Photo by Ricardo A. Palta Rodriguez
James Thomas Humberstone founded Humberstone in 1862 and backed by mainly British investments. Due to the abundance of sodium nitrate in the area, miners built 200 plants to mine and process the material. Sodium nitrate was popular due to the manufacturing of explosives and fertilizers, transforming agriculture in both America and Europe and collapsing the whole industry. Saltpeter was so important to the Chileans that they were prepared to go to war over it. And they did. It is now a ghost town in the Atacama and is now considered a national monument protected by UNESCO since 2005. Nearby citizens refuse to go back to the area, thinking that it was once home to the supernatural.
Photo credit to incredible-pictures.com
Who knew in such a beautiful country? Craco is a ghost town and comune in the province of Matera, in the southern Italian region of Basilicata. It was abandoned towards the end of the 20th century, due to pipework that was put on having failed, and caused the town to go into a dramatic landslide. The village sits on a cliff 400 meters off of the ground. With panoramic views, the city center was easily defended from the average barbarian horde back in its day. People can still visit the stunningly beautiful town from May to October for one of the 6 different festivals hosted there.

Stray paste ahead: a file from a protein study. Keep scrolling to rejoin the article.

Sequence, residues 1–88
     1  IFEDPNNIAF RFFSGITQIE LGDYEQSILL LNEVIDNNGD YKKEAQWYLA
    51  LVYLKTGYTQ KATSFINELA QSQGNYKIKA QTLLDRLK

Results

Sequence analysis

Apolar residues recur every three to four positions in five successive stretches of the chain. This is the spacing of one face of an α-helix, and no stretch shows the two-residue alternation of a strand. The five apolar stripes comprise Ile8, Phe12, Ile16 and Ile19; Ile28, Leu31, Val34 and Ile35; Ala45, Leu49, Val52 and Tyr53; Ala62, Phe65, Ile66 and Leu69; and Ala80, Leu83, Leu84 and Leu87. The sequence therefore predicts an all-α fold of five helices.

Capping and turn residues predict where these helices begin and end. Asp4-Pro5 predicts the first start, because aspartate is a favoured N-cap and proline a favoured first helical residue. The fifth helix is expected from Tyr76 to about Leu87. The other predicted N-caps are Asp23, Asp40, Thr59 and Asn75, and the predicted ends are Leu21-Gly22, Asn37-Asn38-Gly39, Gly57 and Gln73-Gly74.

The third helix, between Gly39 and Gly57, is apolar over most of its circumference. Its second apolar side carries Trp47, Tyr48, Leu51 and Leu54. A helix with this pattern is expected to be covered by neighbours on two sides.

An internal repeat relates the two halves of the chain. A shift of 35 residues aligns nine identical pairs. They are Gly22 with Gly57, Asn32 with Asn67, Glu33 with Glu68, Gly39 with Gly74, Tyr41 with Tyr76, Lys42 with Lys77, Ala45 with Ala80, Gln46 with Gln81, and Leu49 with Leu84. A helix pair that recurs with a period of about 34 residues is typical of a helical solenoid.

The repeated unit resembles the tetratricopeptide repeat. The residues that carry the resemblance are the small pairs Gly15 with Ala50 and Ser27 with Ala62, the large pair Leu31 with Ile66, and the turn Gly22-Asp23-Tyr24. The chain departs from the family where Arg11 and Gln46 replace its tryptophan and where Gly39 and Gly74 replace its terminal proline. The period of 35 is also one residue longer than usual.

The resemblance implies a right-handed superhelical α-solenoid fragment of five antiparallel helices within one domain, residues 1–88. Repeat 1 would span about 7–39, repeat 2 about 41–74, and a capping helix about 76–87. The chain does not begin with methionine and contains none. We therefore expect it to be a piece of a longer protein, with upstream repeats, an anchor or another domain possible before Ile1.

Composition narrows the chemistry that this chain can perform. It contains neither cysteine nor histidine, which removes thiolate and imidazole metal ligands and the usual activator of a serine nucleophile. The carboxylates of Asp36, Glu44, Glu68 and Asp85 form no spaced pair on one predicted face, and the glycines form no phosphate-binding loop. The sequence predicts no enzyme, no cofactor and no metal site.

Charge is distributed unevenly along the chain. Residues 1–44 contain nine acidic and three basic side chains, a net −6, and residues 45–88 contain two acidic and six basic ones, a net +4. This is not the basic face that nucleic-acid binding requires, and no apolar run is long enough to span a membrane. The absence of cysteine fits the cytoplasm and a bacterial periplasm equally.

The Salton Riviera, California
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The Salton Sea is one of California’s strangest landmarks. Once a bustling resort town, it’s now a wasteland that looms precariously on the verge of potential catastrophe. It all started with a mistake in 1905. Now, one can find thousands upon thousands of fish corpses, empty homes, and a smell to remember. When the river breached the canal, it flooded a dry lake bed that would come to be known as the Salton Sea. The State of California is trying to reinstate wildlife there before the playa carries off far too many dust particles in the air affecting populated areas nearby.